Colleen Murphy is the Roger and Stephany Joslin Professor of Law at the University of Illinois at Urbana-Champaign and the author of The Conceptual Foundations of Transitional Justice and A Moral Theory of Political Reconciliaiton.
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To Tell the Truth
ON A SUNDAY morning in Atlanta in April 1899, white churchgoers, dressed in their finest, filled the pews to hear the word of God. As the postlude concluded, the congregants poured out of their houses of worship, bought sandwiches for lunch, and crammed onto trains heading toward Newnan, Ga., to watch the gruesome extrajudicial murder of Sam Hose.
Hose, a 21-year-old Black farmhand, had been pulled off a train by a white mob and was later murdered while thousands watched his lynching. “‘Sweet Jesus!’ Hose was heard to exclaim, and these were believed to be his last words,” writes Philip Dray in At the Hands of Persons Unknown.
The relationship between religion and injustice in the United States is complicated. U.S. Christians tend to emphasize the role of Christianity in contesting injustice, while forgetting images such as churchgoers going seamlessly from worship to an extrajudicial execution.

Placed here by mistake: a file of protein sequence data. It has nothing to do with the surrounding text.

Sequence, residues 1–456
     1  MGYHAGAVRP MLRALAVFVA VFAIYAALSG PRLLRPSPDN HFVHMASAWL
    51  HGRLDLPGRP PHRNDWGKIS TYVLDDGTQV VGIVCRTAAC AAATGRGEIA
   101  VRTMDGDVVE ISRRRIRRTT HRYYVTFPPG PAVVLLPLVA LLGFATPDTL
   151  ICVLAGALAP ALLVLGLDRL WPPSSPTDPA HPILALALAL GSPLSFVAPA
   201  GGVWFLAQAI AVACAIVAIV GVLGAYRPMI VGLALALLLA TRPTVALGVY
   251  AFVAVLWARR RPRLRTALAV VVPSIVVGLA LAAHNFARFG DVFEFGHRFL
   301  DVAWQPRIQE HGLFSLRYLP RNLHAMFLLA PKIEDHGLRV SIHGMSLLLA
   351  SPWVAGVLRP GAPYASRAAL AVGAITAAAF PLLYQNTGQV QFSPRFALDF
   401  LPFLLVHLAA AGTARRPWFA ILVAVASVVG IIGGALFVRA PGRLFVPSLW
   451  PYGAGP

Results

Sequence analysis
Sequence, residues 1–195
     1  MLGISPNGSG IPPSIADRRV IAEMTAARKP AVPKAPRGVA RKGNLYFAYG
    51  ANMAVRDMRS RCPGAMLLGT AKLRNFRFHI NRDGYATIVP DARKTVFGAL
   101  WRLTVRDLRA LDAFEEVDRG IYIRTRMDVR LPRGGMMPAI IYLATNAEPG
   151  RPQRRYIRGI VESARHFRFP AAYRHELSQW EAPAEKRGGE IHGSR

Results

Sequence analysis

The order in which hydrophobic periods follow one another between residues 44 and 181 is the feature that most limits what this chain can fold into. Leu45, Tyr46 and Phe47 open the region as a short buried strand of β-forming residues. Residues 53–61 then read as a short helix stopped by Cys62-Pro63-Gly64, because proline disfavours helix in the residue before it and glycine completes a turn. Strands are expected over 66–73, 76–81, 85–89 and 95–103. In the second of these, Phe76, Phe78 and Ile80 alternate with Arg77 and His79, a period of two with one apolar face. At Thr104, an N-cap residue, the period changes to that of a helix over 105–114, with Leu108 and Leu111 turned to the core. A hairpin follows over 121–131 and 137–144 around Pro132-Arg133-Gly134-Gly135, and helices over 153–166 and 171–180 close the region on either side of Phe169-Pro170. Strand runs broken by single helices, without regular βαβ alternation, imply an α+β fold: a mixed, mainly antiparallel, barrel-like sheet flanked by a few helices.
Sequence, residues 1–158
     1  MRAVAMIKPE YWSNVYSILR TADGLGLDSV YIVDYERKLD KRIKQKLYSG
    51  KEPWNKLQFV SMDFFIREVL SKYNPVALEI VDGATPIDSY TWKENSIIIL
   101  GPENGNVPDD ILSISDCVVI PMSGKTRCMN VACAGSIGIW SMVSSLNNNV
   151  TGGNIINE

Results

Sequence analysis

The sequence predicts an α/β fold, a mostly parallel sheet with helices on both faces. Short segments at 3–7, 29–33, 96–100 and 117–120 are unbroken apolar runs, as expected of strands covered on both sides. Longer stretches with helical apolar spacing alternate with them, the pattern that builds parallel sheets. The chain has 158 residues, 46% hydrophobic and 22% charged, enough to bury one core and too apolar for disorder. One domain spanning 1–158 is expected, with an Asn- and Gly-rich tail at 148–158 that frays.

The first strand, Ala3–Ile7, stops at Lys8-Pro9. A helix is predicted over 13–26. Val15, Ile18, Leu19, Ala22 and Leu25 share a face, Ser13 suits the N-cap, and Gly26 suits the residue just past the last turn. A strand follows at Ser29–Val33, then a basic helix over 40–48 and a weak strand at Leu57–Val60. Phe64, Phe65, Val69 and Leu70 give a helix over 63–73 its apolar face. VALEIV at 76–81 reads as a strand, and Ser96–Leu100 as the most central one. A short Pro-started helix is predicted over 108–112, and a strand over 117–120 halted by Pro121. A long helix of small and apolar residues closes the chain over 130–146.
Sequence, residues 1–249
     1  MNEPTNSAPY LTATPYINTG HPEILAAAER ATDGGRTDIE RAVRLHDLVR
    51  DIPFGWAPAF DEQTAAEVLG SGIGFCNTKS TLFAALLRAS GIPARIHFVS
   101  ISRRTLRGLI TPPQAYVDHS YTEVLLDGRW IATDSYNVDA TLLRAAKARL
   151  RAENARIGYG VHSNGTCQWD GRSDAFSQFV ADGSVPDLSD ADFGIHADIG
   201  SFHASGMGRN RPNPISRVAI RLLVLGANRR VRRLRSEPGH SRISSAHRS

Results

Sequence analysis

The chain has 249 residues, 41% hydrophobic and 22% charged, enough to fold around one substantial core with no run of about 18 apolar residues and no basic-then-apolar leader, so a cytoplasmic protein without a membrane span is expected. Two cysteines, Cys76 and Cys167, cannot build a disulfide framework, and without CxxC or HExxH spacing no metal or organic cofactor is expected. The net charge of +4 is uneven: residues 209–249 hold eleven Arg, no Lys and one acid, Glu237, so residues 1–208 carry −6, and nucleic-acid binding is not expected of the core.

In the wake of George Floyd’s murder, the U.S. witnessed the largest protests in our history. This new moment in the long movement for human freedom arises in response to high-profile police and white vigilante killings of Black men and women; it demands an end to police violence and redress for centuries of racial injustice. This “reckoning” has pushed local, state, and national efforts to reform police practices, hold individual police officers accountable for abusive violence, repair the injustice caused by policies such as redlining, and establish the truth about lynching.